EM economies are typically not as interest rate sensitive as mature industrial economies. Still, the tightening of rates came at a time of challenges for economic growth. Brazilian GDP year-over-year growth is estimate in the 2.0% to 2.5% range for 2013, which is down from 7% during 2010. The slower economic growth, which started well before the currency turmoil, was likely part of the cause for the poor equity performance last year, made worse by the currency sell-off associated with asset allocation shifts away from EM.
Figure 4. Figure 5.
India. India has difficult underlying structural issues. The magnitude and continued growth of subsidies in India are concerning for the government's fiscal health. Oil subsidies in particular are one of the culprits of a widening current account deficit. Currently, India imports a staggering 80% of its oil, which is then heavily subsidized for its citizens. Gold imports are also a factor in the current account deficit even though the tariffs on gold imports have been raised. The Indian current account deficit has been getting larger, with the red ink around 5.8% of GDP.
Figure 6. Figure 7.
The role of the current account in currency determination is given added importance by the relatively strict currency and capital controls that India has in place. When countries restrict capital flows, it is much more of a challenge to attract the offsetting capital flows when deficits grow in the current account. For example, India is highly dependent on Foreign Direct Investment (FDI). FDI flow can be temperamental with regards to market participant's preferences and appetite for risk, especially regarding the government's attitude towards foreign ownership of businesses operating inside India. Shorter-term capital flows fill the gap when FDI slows, but only at the price of a lower rupee, which has the potential to push inflation pressures higher down the road. Meanwhile though, Indian equities rose modestly in local currency terms. The perceived benefits of a depreciated rupee as a longer-term positive factor for earnings of many companies involved in the export sector were not offset as they were in Brazil with rising fears of political risks.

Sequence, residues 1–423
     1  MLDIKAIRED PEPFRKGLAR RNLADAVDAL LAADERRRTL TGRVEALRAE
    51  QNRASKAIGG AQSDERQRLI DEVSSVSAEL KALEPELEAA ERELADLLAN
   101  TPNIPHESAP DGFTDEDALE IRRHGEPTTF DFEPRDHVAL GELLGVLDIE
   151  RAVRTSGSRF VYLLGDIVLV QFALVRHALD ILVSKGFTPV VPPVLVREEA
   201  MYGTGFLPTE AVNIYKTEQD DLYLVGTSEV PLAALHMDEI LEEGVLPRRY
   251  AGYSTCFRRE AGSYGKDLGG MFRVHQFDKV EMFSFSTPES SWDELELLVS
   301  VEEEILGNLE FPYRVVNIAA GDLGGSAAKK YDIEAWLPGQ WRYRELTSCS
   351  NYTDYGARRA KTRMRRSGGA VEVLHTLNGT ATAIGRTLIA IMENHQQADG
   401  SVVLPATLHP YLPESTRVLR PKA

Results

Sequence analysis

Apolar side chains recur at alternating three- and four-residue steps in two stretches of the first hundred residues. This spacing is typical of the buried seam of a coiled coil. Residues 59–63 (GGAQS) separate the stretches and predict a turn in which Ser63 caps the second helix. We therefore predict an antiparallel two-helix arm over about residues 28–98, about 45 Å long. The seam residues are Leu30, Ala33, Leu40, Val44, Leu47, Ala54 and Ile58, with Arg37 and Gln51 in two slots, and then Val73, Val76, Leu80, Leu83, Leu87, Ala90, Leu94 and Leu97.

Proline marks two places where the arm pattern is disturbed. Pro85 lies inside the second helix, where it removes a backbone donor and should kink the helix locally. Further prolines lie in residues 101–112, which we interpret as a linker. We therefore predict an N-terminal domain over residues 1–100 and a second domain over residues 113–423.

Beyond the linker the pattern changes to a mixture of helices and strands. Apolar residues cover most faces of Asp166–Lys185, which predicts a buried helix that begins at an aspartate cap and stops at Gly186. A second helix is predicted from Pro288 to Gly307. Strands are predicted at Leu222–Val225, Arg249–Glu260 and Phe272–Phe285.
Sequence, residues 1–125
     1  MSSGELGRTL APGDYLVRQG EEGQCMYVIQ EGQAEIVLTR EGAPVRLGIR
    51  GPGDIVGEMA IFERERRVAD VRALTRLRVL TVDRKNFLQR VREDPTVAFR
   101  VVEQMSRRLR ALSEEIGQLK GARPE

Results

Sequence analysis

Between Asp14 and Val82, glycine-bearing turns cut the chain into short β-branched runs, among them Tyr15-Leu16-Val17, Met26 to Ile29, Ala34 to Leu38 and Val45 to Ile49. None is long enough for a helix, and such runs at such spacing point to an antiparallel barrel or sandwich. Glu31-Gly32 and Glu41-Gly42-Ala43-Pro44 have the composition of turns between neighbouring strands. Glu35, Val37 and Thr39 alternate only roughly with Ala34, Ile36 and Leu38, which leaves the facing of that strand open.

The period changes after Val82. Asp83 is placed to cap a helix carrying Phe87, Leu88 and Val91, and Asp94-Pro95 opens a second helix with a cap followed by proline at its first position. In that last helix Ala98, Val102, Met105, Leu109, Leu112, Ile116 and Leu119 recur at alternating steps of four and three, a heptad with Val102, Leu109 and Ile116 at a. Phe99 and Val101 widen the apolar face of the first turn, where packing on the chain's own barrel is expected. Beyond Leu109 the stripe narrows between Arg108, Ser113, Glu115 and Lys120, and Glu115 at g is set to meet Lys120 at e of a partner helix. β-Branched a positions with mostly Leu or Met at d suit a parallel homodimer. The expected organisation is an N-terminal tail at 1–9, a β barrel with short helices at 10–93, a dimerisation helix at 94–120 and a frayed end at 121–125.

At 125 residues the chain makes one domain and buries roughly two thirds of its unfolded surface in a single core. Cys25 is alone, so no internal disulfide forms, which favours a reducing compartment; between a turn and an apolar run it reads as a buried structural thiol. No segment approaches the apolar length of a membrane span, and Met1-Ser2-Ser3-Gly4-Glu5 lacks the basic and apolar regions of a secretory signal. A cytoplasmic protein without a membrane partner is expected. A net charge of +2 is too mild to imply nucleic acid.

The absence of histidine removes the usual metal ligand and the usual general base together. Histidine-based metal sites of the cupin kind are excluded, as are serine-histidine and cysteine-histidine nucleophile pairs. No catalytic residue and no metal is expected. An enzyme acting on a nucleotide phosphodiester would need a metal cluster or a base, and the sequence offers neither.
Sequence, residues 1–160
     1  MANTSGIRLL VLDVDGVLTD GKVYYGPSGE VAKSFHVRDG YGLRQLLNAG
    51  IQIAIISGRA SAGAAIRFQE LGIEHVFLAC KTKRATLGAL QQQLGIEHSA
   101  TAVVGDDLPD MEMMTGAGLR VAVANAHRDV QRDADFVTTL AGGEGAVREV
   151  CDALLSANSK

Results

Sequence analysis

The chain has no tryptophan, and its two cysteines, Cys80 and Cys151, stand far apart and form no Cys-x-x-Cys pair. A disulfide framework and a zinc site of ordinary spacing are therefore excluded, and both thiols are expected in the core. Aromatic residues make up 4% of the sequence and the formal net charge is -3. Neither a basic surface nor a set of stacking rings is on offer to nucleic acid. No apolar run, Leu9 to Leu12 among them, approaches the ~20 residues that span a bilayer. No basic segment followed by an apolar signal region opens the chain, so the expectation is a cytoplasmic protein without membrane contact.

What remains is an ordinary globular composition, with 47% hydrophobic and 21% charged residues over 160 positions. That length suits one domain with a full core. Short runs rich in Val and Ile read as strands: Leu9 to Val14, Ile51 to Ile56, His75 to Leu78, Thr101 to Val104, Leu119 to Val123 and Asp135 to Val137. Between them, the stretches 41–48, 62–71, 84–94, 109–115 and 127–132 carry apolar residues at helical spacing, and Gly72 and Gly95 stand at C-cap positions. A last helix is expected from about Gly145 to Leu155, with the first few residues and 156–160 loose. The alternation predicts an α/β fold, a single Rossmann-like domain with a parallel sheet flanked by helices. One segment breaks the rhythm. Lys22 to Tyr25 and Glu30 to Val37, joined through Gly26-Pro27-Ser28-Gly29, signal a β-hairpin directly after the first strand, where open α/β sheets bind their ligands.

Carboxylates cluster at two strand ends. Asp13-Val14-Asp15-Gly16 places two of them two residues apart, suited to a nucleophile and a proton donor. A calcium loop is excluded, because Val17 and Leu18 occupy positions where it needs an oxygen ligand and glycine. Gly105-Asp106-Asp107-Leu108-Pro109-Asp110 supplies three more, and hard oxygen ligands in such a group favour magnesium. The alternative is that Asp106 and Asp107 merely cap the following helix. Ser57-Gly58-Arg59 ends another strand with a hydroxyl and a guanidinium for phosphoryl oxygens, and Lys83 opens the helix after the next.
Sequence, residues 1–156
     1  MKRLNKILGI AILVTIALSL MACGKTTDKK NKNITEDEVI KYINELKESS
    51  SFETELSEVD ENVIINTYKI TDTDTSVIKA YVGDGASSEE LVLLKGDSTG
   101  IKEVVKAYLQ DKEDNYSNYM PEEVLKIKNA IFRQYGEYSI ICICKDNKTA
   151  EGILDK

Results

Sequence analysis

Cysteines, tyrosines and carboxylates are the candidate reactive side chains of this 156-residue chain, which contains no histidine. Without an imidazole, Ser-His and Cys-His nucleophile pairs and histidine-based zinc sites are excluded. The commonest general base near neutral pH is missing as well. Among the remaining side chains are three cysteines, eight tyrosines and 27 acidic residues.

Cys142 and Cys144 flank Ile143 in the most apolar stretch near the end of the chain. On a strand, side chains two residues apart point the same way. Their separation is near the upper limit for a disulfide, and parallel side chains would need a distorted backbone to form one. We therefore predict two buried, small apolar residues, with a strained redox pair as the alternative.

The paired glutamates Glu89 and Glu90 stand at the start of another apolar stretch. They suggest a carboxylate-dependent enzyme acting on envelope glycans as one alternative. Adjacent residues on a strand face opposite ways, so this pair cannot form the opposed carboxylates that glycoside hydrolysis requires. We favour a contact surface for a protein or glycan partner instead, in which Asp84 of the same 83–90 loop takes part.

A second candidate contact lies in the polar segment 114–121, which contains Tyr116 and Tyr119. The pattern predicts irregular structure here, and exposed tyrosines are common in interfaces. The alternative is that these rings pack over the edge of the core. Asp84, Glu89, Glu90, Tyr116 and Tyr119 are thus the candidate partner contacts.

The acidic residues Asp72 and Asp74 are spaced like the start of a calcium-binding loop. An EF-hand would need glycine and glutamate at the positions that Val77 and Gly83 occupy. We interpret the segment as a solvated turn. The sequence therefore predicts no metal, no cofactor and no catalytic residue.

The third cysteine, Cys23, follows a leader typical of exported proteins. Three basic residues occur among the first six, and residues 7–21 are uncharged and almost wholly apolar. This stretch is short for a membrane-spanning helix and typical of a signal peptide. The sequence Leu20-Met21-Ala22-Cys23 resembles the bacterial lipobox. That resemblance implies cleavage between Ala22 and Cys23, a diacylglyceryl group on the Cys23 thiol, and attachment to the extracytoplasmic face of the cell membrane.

China. The previous economic growth model in China was dominated by large-scale infrastructure building with the state playing a key role in many aspects of the economy. As the Chinese economy has grown and modernized, there has been a natural evolution towards diminishing economic benefits from additional large scale, state-directed infrastructure projects. Moving forward, China will likely aim to modernize its services sector and liberalize factor prices including the currency, interest rates and energy prices. For now though, China still has relatively restrictive currency controls and typically limits currency moves in a tight range.
Figure 8. Figure 9.
Capital controls and currency policies, however, may result in a misleading picture of the impact of global asset allocation shifts on Chinese markets. With economic growth in China on a slowly decelerating path from the 10% real GDP of past decades to around 7.7% for 2013, and perhaps only 6.5% to 7.0% in 2014, Chinese equities were not shielded from the general sell-off in EM equities. The Shanghai composite index lost 6.7% for all of 2013 and fell a further 4% in January 2014. We note that countries that seek to limit exchange rate volatility will tend to see that volatility re-channeled into variations in foreign reserves - the basic tool for containing currency movements. Indeed, China was actually a net seller of US Treasuries in December 2013, suggesting there was implicit downward pressure on the RMB.
Scenarios Going Forward
Our overall view of Emerging Markets is becoming more positive on economic ground, while appreciating the still very large risks in the political sector. There are several conclusions we draw from our overall EM analysis as well as our three case studies.